Lucemyra vs Suboxone for Opiate Withdrawal
Is Lucemyra Similar to Suboxone?
Suboxone and Lucemyra are prescribed for comparable purposes. The similarities and differences between these drugs are detailed below. The active ingredient in lucemyra is lofexidine. Buprenorphine and naloxone are the two active ingredients of Suboxone. The Food and Drug Administration (FDA) has authorized Lucemyra to treat individuals who have abruptly stopped using opioids with withdrawal symptoms. It's only utilized for a brief period of time. There are several differences between the 2 drugs that can help an inidividual to decide when to consider lucemyra vs suboxone.
Lucemyra is not an opioid addiction therapy. It's instead utilized just after you've stopped using opioids. It can assist with certain withdrawal symptoms, but it will not make you stop seeking opioids.
Suboxone is an opioid addiction treatment that has been authorized by the FDA (now called opioid use disorder by healthcare professionals). It can be used for a short or extended period of time.
Suboxone aids in the relief of withdrawal symptoms as well as the reduction of opiate cravings. It's used to assist people stay away from opioids on a regular basis.
Both medicines are part of a comprehensive treatment plan that may include involve counseling, support groups, and other medications.
Lucemyra is available as a tablet. Three pills, given four times a day, is the normal beginning dose. The maximum duration of Lucemyra medication is 14 days.
Suboxone is administered as a film that is placed under the tongue or between the teeth and cheeks. It dissolves fast after you put it in your mouth. It's only done once a day.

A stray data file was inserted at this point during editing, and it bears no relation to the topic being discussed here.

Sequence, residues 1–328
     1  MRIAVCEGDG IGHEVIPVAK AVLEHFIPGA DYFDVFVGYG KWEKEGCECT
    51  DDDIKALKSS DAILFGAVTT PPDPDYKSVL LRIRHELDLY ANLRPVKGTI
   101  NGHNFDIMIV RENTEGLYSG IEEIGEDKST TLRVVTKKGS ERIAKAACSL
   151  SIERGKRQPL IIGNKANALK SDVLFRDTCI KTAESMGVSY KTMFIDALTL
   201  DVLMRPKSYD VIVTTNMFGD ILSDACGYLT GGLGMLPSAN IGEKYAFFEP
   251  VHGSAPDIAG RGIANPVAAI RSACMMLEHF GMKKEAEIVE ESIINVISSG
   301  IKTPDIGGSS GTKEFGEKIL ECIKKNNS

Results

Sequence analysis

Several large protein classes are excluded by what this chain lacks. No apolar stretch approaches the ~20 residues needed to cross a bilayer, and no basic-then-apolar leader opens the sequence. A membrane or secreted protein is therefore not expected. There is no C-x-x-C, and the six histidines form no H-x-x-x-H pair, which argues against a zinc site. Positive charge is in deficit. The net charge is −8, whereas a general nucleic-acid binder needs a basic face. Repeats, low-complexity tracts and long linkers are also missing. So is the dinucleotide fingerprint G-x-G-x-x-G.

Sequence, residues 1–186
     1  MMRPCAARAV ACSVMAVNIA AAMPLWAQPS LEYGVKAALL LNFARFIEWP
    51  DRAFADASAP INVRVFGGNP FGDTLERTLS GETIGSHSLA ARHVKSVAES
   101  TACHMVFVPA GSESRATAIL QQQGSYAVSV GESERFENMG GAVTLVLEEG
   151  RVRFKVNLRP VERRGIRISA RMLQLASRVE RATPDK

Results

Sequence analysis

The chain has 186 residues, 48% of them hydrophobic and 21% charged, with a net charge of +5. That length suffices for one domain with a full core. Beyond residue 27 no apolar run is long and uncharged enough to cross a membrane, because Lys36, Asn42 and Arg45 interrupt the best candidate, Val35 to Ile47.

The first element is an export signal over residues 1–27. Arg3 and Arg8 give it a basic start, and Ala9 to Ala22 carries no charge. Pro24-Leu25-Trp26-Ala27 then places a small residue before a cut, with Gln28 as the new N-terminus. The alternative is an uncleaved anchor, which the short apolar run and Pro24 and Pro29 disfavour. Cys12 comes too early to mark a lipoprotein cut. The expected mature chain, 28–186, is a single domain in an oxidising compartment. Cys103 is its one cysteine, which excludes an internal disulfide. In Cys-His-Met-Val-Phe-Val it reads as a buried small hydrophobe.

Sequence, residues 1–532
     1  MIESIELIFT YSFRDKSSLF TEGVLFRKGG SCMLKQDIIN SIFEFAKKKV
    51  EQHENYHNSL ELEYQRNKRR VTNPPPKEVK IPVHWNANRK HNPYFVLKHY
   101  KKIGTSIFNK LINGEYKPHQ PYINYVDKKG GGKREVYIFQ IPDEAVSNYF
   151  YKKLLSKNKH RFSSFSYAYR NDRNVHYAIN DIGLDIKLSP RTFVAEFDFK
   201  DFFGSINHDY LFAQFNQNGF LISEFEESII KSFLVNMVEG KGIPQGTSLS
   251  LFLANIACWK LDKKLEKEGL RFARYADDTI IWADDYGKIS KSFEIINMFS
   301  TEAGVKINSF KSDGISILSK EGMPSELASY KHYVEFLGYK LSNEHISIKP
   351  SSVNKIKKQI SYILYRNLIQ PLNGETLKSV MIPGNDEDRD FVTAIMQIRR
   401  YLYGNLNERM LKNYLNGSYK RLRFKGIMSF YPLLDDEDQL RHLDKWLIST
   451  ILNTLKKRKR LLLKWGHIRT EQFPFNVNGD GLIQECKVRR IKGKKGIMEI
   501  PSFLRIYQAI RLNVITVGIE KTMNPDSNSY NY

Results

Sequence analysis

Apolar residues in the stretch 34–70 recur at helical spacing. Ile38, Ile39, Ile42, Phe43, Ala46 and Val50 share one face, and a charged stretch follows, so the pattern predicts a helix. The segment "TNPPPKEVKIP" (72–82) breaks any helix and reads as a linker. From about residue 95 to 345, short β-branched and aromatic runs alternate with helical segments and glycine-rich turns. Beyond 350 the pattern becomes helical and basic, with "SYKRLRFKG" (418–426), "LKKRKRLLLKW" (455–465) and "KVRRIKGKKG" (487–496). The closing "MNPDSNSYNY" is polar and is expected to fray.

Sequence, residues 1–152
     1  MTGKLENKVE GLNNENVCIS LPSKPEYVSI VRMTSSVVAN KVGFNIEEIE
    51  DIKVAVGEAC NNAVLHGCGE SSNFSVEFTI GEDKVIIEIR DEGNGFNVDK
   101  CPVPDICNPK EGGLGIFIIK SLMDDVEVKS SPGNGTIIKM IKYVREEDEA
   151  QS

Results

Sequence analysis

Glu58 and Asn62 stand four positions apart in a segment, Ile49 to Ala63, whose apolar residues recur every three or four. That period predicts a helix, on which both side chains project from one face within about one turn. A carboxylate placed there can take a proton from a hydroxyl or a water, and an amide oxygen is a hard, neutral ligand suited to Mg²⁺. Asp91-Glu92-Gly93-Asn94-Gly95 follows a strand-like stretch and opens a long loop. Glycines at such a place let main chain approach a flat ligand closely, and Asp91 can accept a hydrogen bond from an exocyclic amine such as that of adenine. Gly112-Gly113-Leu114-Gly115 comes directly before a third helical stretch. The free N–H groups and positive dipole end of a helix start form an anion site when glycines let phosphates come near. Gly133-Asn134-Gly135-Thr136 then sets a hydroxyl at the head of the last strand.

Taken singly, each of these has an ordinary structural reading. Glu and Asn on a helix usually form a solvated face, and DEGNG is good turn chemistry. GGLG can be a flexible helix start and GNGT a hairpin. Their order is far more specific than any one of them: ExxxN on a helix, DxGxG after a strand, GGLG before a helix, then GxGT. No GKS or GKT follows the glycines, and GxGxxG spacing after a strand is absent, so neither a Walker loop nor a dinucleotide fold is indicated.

Suboxone therapy does not have a maximum duration. The length of your Suboxone therapy will be decided by you and your doctor.
How Effective is Lucemyra
According to drugs.com, Lucemyra has an average rating of 6.1 out of 10 from 29 total ratings. Individuals who reviewed the drug took the medication for the treatment of opiate withdrawal symptoms. 52% of those who wrote reviews reported a positive effect from the medication and 38% reported negative effects. Many of the users who reported negative effects mentioned issues related to blood pressure including fainting, dizzy spells, spikes and drops in blood pressure, and more. Those who reported positive effects from the drug mentioned improved sleep and lessened withdrawal symptoms.
Is Lucemyra a Narcotic?
Lofexidine (Lucemyra) is not a controlled substance and is not a narcotic. Unlike Suboxone, it is not an opioid drug.
Lucemyra is a medication that is intended to alleviate the symptoms of opioid withdrawal in individuals who have abruptly stopped using an opioid medicine. Lucemyra is not used alone to treat opioid use disorder (opioid addiction), but it may be recommended as part of a comprehensive treatment program for opioid use disorder. Lycemyra may only be obtained with the help of a doctor's prescription.
While Lucemyra is not a prohibited substance, other medications used to treat opioid addiction, such as methadone, are.
Is Lucemyra Similar to Clonidine?
Clonidine is a drug similar to lofexidine that is used to aid with opioid withdrawal symptoms. Clonidine is also used to treat psychological problems such attention deficit hyperactivity disorder and high blood pressure (ADHD). In many aspects, the mechanism of action of lofexidine for opiate withdrawal is comparable to that of clonidine. Lofexidine, like clonidine, can help with the aches and pains of opiate withdrawal. Clonidine, on the other hand, is more effective than lofexidine in treating muscular pains, migraines, and cramps. Lofexidine, on the other hand, is more effective than clonidine at reducing withdrawal symptoms. The most major advantage of lofexidine over clonidine is that, unlike clonidine, it does not produce low blood pressure. When comparing lofexidine vs clonidine, always consult a doctor.
The cost of lucemyra is another factor when comparing this drug to clonidine as it is considerably more expensive and less readily available.